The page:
As global warming progresses, many animals, birds, fish, and plants will have to relocate in order to maintain their current climate conditions. Some species will be able to adapt just fine. Others will struggle. Still others might just die off.
Case in point: The National Audubon Society has a big new report out today looking at how 588 different bird species across North America will see their habitats shift because of global warming.
Of those, the report finds, 314 species are likely to lose more than half their current climactic range by 2080. That's a dramatic change, and it's not clear whether all of those birds will be able to survive the shift.
Here's what this shift in habitat looks like in animated map form for the Common Loon (Gavia immer):
For 588 different species, the Audubon scientists used data from hundreds of thousands of observations to outline the birds' current climatic ranges — that is, the temperatures, seasonality, and precipitation that the birds need to survive. That includes where the birds migrate for the winter, where they go for the summer breeding season, etc.
The researchers then used global-warming projections to get an estimate for where those birds were likely to move as the world warms — assuming that the birds wanted to maintain their current climatic conditions.
So take the Common Loon, shown in the map above. It currently breeds throughout Canada and parts of the northern United States during the summer — preferring large lake areas in order to catch fish — and then makes its way down both US coasts during the winter. As the world gets hotter, the bird is likely to lose roughly 56 percent of its preferred breeding range. By 2080, once-frequent loon sightings in Minnesota may be a thing of the past.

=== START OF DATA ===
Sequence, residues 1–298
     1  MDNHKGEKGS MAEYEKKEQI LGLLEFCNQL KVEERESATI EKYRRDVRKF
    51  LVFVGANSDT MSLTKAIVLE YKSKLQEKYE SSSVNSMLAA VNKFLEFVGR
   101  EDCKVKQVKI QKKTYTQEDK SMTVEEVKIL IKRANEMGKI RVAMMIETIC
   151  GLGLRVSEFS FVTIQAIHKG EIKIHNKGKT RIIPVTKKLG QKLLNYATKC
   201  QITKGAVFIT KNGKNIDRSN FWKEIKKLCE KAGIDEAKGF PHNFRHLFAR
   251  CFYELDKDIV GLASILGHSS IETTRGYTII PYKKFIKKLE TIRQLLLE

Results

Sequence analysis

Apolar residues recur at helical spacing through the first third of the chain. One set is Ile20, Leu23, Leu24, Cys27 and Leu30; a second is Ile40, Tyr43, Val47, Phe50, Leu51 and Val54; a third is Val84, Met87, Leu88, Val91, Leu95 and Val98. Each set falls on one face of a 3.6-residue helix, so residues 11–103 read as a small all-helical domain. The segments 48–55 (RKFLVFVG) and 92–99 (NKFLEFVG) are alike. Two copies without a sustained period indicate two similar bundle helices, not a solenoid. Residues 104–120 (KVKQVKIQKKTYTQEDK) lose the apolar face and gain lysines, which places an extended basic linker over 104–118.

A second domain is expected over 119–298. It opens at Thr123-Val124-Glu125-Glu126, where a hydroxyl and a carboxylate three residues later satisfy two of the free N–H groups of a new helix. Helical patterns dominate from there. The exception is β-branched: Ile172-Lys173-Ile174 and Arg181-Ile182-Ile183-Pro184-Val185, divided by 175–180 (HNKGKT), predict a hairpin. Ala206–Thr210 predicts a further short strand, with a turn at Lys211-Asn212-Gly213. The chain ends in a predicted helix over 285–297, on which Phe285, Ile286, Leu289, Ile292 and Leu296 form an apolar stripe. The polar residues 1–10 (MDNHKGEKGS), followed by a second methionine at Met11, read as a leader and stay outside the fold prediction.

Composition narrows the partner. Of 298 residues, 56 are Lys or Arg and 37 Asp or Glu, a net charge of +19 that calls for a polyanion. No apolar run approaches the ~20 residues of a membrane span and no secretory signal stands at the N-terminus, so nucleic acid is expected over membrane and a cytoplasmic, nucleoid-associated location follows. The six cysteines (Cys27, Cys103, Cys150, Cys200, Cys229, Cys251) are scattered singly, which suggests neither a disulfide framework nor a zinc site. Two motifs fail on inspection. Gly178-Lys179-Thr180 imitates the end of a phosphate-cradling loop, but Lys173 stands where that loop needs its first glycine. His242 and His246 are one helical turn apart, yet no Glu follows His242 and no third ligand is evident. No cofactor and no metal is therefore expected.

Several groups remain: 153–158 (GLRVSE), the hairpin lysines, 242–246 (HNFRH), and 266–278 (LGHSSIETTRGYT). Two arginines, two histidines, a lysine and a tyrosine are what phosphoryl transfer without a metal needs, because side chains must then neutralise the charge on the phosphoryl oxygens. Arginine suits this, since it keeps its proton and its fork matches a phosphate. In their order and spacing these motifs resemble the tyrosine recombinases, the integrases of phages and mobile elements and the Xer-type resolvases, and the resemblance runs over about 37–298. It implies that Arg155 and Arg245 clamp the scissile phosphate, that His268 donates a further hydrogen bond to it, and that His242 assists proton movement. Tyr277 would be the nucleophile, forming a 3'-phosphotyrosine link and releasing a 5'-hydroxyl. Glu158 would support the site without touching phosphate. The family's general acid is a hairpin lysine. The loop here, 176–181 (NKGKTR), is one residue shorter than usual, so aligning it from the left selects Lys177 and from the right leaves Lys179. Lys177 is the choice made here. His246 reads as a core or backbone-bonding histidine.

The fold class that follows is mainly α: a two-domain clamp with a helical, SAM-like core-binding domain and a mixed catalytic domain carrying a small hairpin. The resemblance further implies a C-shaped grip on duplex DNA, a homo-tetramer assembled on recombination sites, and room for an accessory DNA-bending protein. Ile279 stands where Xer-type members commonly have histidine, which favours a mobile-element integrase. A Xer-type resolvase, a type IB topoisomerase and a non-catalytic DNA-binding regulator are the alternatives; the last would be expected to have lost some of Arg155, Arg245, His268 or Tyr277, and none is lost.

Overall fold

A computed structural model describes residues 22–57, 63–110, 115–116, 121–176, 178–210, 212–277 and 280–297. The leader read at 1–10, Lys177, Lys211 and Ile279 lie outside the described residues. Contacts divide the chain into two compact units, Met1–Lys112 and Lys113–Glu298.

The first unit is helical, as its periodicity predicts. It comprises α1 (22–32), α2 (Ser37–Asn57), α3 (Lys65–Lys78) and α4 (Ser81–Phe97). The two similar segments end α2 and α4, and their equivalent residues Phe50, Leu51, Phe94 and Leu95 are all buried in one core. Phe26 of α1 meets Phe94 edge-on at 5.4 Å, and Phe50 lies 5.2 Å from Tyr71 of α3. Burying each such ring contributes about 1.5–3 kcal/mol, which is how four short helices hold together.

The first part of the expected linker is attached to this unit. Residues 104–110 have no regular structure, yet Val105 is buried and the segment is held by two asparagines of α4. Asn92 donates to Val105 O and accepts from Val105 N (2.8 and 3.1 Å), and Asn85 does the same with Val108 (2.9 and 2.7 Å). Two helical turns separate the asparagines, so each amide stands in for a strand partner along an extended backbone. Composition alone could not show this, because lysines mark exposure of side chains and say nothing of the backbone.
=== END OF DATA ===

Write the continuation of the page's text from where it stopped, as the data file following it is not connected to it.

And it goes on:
And that's just one species. "Suitable breeding grounds for the Baird's Sparrow could disappear entirely," writes Michelle Nijhuis in Audubon. "The Piping Plover, an icon of the Atlantic Flyway, may vanish from many eastern shores."
Another striking finding? As many as nine states may see their state birds vanish from within their borders in the coming century, thanks to this habitat shift.
So how many birds will survive this shift?
It will likely vary from species to species — some will no doubt survive, others may struggle.
But on average, animals typically face an increased risk of extinction as their geographic range shrinks — and they run out of suitable habitats to reproduce and find food. This relationship has held pretty consistently throughout Earth's history. If, say, a bird species thrives on grasslands and is forced to move north where there are fewer grasslands, the prospects for survival go down.
Now, the caveats: This Audubon study is only a first pass at the question. It doesn't take into account, for instance, what sorts of predators the birds may face as their ranges shift, or what sort of new competition they'll face for food, or the effects of sea-level rise. It also, crucially, doesn't look at the effects of climate change in Central and South America — where many birds spend the winter.
But it does suggest that some birds are likely to face dramatic changes. In modern times, only nine bird species have ever gone extinct in North America. That number could well go up — possibly significantly — by century's end.
Here's an overview of the Audubon report. You can check out a variety of interactive maps for various bird species here — from bald eagles to spotted owls.
Here's an op-ed in the Washington Post in which two Audubon officials talk about whether or not birds might be able to adapt to this shift. (Among other things, they suggest that conservation efforts now need to take into account the fact that bird ranges are going to shift dramatically over the next 80 years.)
Jonathan Silver wrote a good piece for Reuters last year on how a variety of species — not just birds — are already adapting to shifting climates as the world warms. For instance: "British researchers recently analyzed more than 2,000 animal and plant species in Britain and found that many had already made significant adaptations to a changing environment."